With just a little bit of flour, water, and patience, you can be making sourdough in no time.
When properly fed, and taken care of, sourdough starters can last forever. The Mother Culture we make our sourdough with has been flourishing for 5 years!
Making sourdough can seem daunting, but when you get down to it, you’ll see that its simpler than you believe – don’t over think it 🙂
Depending on the temperature of your home, the entire process to create a functional starter will take about 5-8 days from start to finish. With the colder weather upon us, it’s not uncommon for it to take up to 14 days. Once it’s reached a billowy stage, you will just have to keep it refreshed..
Think of it like your new family pet; feed it, love it, take care of it, and in return it will love you back.
The incredible thing about sourdough made in your own home is that it will never be the same as someone else’s. Why’s that? Sourdough culture is made from the wild yeast and microbes that live everywhere in your home – in flour, air, the fruits in your kitchen! Sourdough bread is made by the long fermentation of dough using wild harvested lactobacilli and yeast. The lactic acid, which creates a milky texture, is produced by the lactobacilli which gives your loaf a rich, sour flavour profile, and has many health benefits! Take a look at this article we wrote to learn more about the fermentation process before you put your baking hat on and move full-steam ahead “Demystifying Sourdough”.
Now that you’ve learned about all the reasons you should be making sourdough, lets not waste another minute, ok? Ready. Set. Go.
I forgot to feed my starter for a few days; did I kill it?
Just like you, your sourdough starter is very resilient.
If you’re going on vacation, you dont have to worry while you’re away.
If you forget to feed it for a few days, or even a week or two, don’t stress. After a refreshment, and several hours, it will bounce back in almost any case.
My sourdough isn’t rising and falling as it should. What should I do?
Wild yeast needs a bit of warmth to thrive. Optimal temperature for a sourdough kitchen is between 20°C – 23°C (70°F- 85°C F), basically, if you’re comfortable in a t-shirt and jeans, the temperature is perfect.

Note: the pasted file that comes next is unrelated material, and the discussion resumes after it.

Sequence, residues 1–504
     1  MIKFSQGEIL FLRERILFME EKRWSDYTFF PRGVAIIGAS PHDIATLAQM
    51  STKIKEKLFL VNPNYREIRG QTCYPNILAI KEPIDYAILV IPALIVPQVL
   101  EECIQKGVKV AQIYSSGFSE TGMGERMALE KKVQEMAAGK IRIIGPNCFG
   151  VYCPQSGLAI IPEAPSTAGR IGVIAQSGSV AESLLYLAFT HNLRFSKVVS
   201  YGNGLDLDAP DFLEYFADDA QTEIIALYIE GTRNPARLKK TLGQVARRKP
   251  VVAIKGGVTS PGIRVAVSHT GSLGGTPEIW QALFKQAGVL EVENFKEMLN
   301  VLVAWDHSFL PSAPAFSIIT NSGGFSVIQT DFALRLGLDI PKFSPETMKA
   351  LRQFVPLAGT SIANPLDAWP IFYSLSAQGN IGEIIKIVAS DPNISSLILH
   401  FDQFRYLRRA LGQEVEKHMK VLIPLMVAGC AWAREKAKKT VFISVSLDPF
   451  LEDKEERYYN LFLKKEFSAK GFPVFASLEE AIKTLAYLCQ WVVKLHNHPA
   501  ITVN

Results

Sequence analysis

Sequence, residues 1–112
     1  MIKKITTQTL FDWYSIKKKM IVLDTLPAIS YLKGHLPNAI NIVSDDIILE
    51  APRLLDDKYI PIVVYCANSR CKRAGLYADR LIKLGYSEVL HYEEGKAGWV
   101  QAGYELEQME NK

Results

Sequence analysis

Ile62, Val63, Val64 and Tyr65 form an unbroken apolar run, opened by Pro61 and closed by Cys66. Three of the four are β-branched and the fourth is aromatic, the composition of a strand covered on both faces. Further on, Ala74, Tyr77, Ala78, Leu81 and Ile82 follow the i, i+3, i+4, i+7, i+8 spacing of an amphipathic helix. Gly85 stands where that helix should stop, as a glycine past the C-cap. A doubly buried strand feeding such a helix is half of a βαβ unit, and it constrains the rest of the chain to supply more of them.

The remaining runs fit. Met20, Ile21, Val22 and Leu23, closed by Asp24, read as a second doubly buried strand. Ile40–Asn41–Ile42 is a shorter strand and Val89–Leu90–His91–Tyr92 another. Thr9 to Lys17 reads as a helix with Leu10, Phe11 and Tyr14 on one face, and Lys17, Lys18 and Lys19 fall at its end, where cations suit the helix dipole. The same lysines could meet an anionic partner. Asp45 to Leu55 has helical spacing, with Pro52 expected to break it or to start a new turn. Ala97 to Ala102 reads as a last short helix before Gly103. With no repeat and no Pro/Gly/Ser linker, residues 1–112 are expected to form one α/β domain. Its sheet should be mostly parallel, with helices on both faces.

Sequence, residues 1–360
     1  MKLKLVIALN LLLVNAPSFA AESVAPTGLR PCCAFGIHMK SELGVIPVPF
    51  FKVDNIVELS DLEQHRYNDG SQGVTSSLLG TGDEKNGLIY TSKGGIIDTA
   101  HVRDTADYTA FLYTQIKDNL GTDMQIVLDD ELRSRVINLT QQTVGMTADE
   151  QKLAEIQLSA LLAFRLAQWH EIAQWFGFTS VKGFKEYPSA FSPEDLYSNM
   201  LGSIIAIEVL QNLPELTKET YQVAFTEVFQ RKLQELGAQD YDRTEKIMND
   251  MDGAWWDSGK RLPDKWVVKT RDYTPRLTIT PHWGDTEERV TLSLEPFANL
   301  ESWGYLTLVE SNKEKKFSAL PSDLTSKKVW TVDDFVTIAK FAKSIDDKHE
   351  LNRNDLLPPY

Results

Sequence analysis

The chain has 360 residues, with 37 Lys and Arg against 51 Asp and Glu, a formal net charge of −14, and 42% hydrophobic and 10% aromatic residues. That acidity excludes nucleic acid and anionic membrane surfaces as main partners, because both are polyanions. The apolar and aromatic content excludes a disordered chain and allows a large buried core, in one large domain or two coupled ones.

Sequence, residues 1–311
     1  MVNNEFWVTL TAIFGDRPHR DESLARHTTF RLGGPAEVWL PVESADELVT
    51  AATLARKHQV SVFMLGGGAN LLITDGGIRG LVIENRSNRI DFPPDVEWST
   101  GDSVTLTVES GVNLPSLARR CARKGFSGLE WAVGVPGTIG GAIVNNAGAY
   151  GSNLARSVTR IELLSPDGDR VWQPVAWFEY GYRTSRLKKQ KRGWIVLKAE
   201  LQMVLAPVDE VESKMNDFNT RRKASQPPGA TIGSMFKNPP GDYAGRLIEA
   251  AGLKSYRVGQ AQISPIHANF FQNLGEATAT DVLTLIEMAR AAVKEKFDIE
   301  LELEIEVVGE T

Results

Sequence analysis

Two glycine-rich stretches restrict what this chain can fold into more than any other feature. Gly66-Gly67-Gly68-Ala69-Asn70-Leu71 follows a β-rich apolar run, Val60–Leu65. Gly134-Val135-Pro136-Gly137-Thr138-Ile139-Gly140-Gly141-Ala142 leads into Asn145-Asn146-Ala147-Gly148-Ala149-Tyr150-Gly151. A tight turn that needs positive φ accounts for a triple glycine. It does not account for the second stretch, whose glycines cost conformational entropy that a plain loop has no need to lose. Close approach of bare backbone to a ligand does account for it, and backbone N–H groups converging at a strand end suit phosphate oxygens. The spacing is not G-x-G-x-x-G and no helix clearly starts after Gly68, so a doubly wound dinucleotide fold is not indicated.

My starter smells funny, and it’s rising too fast. What’s going on?
It’s important to remember that sourdough culture harvests the wild bacteria in the air, that being said, if your culture is close to things that are highly microbial, it can start to change the composition of your starter. Try to keep it away from your kombucha, or fruits, and certainly your compost bin.
There is mold in my jar, should I give up?
Mold doesn’t often occur with sourdough because you are dealing with similar bacterias, though it does happen. Stay calm, just transfer your starter to clean new jar, trying your best not to bring the mold with you.
There is a black liquid on top of my starter, what did I do wrong?
You didn’t do anything wrong. This is totally natural if you haven’t fed your starter for a few days. This black liquid, called the hooch, is just your starter’s way of saying “feed me!” Pour out the hooch and feed the starter as usual, et voila, back to normal!
There are pink and orange spots growing on my starter, what now?
At this point, and only this point, do we discard the starter entirely.
Pink and orange spots and speckles are signs are bad bacteria, ones that make you feel sick.
This only occurs if the starter has been left for months on end, or if there has been some sort of cross-contamination, such as putting in a dirty spoon or starting off with a dirty jar.
Don’t try to salvage what you have if you see pink and orange spots, just start fresh.
Happy baking! xx